The authentication code is stored in the
App.js file. The token created by Clerk to gain access as an administrator is stored in an
After the user logs in, the app is presented to them with a home screen. The functionality of switching between different screens is stored in the
Formular.js file and specified in a switch function.
The form itself starts with the component, followed by the component, and is submitted after the REPORT button is pressed in the
Location.js component. The last component,
Success.js, tells the user that the form has been submitted successfully and returns them to the home view when they click the REPORT ANOTHER DOG button.
The menu bar that appears when the user clicks on the menu burger icon in the left header contains information about the user, about the NGOs involved in this project, and about the app itself. Currently, the last two links do not lead anywhere. The Start-link redirects the user to the home view.
The implementation of Clerk authentication caused me some difficulties. I guess the main reason is that I lack the time to fully understand the implementation process. I am sure I will be able to fix these issues in the coming weeks.
- I wanted the user to see the home screen first when opening the app. When they click on the REPORT AN ANIMAL button, they should be directed to the login form and then to the actual form.
- Due to the fixed height as well as my implementation of the user button not matching the recommendation, the user popup does not appear in the center of the screen and is larger than the app itself on wider screens.
I also had some issues with the deployment of the app (Netlify, Vercel), which are now fixed.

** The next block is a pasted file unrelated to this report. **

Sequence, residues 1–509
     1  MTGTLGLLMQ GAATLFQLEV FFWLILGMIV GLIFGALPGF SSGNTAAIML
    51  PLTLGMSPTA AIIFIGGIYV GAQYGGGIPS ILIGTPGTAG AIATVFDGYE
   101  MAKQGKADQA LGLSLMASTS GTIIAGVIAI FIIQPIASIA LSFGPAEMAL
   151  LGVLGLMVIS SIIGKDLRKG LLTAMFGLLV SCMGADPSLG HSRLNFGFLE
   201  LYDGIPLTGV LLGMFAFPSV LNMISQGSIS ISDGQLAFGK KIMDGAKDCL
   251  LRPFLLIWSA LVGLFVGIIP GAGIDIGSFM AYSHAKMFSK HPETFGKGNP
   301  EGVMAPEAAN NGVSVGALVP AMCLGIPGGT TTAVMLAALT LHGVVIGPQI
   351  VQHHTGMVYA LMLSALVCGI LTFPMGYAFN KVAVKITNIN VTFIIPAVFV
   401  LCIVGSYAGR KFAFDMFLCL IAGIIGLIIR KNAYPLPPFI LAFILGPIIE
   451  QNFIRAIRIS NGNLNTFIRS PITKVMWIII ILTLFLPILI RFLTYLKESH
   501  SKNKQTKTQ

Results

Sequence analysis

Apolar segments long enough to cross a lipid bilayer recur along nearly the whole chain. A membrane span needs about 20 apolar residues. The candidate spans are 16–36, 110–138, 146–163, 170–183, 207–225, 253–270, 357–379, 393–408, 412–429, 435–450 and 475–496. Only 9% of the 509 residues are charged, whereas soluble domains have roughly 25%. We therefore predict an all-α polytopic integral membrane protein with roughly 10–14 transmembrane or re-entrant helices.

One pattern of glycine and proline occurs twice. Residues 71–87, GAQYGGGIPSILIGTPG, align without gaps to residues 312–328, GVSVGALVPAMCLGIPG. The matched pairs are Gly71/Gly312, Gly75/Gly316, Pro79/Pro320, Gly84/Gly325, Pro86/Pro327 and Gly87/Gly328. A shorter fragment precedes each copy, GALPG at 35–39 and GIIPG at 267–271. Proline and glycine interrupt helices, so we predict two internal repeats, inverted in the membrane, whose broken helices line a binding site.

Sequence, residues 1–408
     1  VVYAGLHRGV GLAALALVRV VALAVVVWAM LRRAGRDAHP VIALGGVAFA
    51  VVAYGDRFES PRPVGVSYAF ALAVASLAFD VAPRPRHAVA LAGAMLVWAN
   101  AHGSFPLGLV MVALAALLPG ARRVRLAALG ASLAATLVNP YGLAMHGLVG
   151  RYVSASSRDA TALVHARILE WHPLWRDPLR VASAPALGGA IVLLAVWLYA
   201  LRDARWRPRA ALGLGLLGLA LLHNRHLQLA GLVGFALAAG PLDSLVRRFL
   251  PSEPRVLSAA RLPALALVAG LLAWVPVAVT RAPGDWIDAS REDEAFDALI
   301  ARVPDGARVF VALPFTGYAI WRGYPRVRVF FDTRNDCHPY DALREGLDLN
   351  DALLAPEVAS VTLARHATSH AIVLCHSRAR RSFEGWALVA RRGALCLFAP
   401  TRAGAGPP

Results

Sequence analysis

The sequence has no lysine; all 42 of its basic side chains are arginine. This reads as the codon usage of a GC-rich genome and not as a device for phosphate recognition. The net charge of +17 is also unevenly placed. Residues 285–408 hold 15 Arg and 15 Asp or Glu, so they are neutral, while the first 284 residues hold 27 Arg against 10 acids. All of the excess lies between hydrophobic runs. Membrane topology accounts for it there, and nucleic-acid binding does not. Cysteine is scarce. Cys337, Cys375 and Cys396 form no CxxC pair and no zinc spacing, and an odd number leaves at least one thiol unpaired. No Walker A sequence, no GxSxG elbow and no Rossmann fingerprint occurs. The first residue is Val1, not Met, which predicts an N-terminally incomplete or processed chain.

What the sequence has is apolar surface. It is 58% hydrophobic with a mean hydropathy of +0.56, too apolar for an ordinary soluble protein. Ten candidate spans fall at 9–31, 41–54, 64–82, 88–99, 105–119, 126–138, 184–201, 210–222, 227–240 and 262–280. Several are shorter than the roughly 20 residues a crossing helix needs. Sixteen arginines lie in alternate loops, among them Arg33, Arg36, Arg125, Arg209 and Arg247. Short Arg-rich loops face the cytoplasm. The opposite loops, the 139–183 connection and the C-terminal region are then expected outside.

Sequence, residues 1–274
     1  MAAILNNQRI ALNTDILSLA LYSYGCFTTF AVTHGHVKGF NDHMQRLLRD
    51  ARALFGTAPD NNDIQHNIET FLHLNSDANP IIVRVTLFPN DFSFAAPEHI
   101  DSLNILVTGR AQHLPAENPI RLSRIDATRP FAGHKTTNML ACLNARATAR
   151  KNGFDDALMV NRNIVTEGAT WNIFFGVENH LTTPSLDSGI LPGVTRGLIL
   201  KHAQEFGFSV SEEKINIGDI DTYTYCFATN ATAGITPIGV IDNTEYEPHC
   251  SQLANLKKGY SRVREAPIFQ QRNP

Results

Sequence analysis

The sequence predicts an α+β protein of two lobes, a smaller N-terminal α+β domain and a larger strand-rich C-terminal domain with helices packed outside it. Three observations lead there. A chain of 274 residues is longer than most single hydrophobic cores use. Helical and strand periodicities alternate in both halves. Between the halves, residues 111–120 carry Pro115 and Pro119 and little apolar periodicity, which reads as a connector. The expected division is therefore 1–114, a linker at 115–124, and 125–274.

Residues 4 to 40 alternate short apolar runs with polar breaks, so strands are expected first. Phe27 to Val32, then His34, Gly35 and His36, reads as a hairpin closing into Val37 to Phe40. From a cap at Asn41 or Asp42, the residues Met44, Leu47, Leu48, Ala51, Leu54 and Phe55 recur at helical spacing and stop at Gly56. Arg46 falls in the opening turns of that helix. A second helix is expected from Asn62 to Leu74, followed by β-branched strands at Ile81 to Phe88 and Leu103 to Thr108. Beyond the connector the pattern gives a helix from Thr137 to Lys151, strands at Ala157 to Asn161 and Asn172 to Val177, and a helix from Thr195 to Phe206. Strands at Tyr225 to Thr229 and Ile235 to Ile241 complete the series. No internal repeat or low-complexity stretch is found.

- When opening the app, nothing was displayed on the screen, and it said that the app cannot access Clerk.
- Also, the app did not render the component with the map that uses the Mapbox API.
The front-end is pretty much done. The form is set up, all pages show the content as expected (at least on localhost), wrapped in a nice design.
According to the Chrome extension accessibility insights for web, my app is fully accessible. It is very important for me to meet all a11y requirements. If I missed something, please let me know.
I managed to create a favicon that you can see in the open tap of my app, as well as add some meta tags for better accessibility (SEO).
I created a README file and tried to explain the project as well as possible. I created Issues on Github for all the missing parts or parts that need to be changed, which are listed below this paragraph. This ensures I stay consistent and don't forget anything I wanted to do in this app.
Code and live view
Take a look at the app by clicking here.
Take a look at the GitHub code.
Changes and what's still missing
- The map should show the exact location of the user and when clicked, the location should be automatically entered into the input field in the input field of the form.